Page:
Two former Tarrant County jail inmates and a college professor filed suit in the 352nd District Court against Tarrant County and the Tarrant County Sheriff for operating a particular jail “pod” designated as the CEU (Chaplain’s Education Unit). The CEU was established in 1992 for inmates who voluntarily participated in a Christian education and ministry program while incarcerated.
The plaintiffs argued that the creation of this “God Pod” violated the Establishment Clause of the United States Constitution. Tarrant County argued that because no additional taxpayer money, over and above what it ordinarily cost to house jail inmates, was expended by the taxpayers to run the program, and all ministry activities were performed by volunteers, not county employees, providing this opportunity for inmates was constitutionally permissible under the Free Exercise Clause of the U.S. Constitution. The county also pointed out that the participants in the CEU program received no tangible benefits by virtue of participating in the program. In fact, all CEU participants were required to give up some of the privileges that they were otherwise entitled to, such as television time, in order to be included in the program. Finally, the county pointed to the fact that participation in the pod was completely voluntary – no inmates were required to participate – in order to support its contention that the CEU unit was constitutionally permissible.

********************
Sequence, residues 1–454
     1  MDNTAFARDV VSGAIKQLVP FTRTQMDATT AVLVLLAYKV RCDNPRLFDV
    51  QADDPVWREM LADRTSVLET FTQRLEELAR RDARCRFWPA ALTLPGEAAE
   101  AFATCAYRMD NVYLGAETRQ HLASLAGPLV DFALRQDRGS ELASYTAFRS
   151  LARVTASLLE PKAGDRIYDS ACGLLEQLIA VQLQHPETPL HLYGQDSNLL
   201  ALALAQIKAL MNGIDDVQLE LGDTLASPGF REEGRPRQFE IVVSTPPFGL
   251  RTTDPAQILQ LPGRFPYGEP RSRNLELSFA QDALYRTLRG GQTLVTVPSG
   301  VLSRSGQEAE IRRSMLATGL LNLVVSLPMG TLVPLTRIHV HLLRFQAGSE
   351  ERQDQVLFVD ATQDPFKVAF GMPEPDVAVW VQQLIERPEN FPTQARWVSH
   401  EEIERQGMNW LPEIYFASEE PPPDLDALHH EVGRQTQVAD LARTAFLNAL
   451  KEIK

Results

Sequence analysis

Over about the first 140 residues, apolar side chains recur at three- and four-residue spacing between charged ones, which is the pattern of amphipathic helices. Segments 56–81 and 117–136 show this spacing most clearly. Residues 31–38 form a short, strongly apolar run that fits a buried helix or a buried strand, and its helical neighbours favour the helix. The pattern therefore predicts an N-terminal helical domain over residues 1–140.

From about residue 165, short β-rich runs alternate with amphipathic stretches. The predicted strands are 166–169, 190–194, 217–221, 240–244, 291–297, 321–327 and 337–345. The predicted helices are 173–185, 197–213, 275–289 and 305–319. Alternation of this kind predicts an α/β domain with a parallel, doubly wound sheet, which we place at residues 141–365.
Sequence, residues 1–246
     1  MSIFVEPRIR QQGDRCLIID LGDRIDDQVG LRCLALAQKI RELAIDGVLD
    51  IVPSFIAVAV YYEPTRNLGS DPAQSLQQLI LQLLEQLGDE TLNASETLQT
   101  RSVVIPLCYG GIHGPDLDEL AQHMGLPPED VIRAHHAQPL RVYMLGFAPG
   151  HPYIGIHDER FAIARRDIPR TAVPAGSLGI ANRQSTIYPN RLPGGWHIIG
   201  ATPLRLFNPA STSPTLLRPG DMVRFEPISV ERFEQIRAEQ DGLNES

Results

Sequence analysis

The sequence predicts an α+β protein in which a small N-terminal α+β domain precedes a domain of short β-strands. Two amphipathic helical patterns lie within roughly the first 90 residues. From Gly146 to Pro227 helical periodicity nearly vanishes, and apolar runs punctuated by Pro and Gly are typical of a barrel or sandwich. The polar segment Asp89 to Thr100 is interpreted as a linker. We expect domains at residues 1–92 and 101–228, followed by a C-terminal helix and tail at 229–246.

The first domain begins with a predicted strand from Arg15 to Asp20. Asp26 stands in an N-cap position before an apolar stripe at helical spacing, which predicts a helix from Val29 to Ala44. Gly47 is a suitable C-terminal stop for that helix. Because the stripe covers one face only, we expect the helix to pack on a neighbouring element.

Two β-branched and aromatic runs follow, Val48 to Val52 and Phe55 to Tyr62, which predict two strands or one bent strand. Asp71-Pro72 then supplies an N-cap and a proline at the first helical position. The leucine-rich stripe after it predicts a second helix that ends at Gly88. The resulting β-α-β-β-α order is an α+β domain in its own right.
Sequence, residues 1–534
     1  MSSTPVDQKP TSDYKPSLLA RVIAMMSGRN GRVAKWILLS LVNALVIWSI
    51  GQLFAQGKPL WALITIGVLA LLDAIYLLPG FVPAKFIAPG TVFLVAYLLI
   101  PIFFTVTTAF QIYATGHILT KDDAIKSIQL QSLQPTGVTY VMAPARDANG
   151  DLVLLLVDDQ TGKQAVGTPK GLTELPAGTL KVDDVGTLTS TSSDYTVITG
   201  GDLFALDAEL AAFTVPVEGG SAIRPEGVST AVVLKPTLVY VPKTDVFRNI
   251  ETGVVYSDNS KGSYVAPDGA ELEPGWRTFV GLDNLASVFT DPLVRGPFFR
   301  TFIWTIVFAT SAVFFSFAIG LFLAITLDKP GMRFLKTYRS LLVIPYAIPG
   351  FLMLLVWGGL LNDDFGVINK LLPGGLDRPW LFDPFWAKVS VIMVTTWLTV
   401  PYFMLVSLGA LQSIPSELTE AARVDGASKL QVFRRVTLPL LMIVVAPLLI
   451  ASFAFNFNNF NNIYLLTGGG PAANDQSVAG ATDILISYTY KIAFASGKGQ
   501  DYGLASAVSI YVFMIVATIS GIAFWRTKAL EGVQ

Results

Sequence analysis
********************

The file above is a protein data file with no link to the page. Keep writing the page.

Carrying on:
On motions for summary judgment in which both sides agreed that there were no material facts in dispute in the case, the question of the constitutionality of the CEU was submitted to Judge Bonnie Sudderth for determination. Judge Sudderth ruled that since no taxpayer money or resources were used to operate the program, since enrollment in the program was completely voluntary, and since the “God Pod” inmates actually forfeited, rather than received, tangible benefits in order to participate, that the jail’s “God Pod” did not constitute government establishment of a religion in violation of the First Amendment.
Two years later, the Texas Supreme Court overruled Judge Bonnie Sudderth’s decision, holding that since the CEU endorsed one particular religious view to the exclusion of others, Tarrant County conveyed the impermissible message of official preference for one specific religion. In so ruling, the Supreme Court held that the voluntary nature of the program was irrelevant. The fact that inmates were willing to submit to the instruction, the Supreme Court reasoned, did not diminish the fact that one religious belief was promoted over other religious teachings within the pod. This “official endorsement of the substance of the religious instruction offered in the CEU,” the Court wrote, went “beyond what the First Amendment can tolerate.” Tarrant County’s message of preferring one specific religion over another, the Supreme Court held, violated the Establishment Clause of the U.S. Constitution.
Shortly after the ruling, the “God Pod” was dismantled.